Dollar notches up strongest week since 2022

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The dollar has notched up its strongest weekly performance since 2022 after outsize US inflation figures caused ripples through world markets.

The US currency has strengthened by 1.5 per cent against a basket of six currencies since Monday, its best weekly performance since September 2022, as traders reversed bets on early interest rate cuts by the Federal Reserve.

The euro and sterling fell to their weakest levels against the dollar since November on Friday at $1.0646 and $1.2469, respectively, while the yen sank to ¥153.26 hitting a fresh 34-year low.

“The US is its own special case with very loose fiscal policy and now tight monetary policy, which is a recipe for a stronger dollar,” said Quentin Fitzsimmons, a senior portfolio manager at T Rowe Price. “The buzzword that is going through markets at the moment is divergence.”

This week’s increase in US consumer price inflation — which hit a higher than expected 3.5 per for March — has prompted traders to increase bets that the Fed might deliver as few as one rate cut this year.

That compares with expectations of as many as six quarter-point cuts at the start of January.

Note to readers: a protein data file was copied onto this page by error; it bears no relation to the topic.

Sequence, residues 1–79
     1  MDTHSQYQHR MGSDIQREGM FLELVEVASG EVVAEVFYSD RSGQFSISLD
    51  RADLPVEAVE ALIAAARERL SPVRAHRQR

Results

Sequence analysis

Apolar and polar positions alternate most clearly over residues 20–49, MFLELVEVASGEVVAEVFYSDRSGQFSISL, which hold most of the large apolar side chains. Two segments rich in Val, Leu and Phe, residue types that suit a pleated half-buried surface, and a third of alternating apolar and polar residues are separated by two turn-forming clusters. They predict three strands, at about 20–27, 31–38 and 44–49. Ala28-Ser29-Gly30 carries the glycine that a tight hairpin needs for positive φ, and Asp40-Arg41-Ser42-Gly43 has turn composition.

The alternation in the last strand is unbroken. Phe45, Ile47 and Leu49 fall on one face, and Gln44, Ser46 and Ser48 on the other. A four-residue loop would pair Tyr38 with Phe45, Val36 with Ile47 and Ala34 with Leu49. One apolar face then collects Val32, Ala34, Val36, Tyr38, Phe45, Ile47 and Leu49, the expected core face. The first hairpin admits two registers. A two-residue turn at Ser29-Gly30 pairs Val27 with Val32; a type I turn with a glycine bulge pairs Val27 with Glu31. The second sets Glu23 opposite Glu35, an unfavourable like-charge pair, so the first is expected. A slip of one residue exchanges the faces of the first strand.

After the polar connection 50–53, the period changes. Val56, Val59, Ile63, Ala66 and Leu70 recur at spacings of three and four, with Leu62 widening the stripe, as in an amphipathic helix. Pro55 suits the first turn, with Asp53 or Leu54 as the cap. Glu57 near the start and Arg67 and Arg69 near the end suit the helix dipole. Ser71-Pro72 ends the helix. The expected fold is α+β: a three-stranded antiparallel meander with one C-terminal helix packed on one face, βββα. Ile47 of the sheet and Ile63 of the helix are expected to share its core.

On Thursday, the European Central Bank signalled it was still on course to deliver interest rate cuts in June. Pressure on the euro increased because of growing expectations that eurozone interest rates will fall ahead of those in the US.

“It looks like a happily divergent ECB has sent the euro weaker against the dollar,” said Chris Turner, head of global markets at ING.

The shift in sentiment helped push the spread — or gap — between benchmark 10-year US and German government borrowing costs to 2.15 percentage points, its highest level since 2019.

Speculation also rose that Sweden’s Riksbank could cut interest rates as soon as May after the country reported lower than expected inflation on Friday.

Sustained dollar strength could cause problems for countries looking to cut rates without undermining their currencies and accelerating price rises.

“Other central banks clearly don’t want their currencies to weaken materially . . . what it means is effectively you will end up importing more inflation” said James Novotny, a portfolio manager at Jupiter Asset Management. 

Markets are betting that the ECB will deliver at least three cuts by the end of the year, compared with the Fed’s expected one or two reductions. 

Japan’s currency has suffered most from the rise in US rate expectations, which has pushed the yen to its weakest level since 1990, putting the finance ministry on red alert for a possible intervention. 

Masato Kanda, Japan’s vice-finance minister for international affairs, told reporters on Thursday that authorities would not rule out any measures to address excessive moves in the exchange rate.

Mark Dowding, chief investment officer at RBC BlueBay Asset Management, said the impact of any intervention would be expensive and temporary. 

“The yen has been undermined by policy from the [Bank of Japan], which is too accommodative,” he said. “It looks like the yen remains vulnerable just because the policy gap remains achingly wide.”

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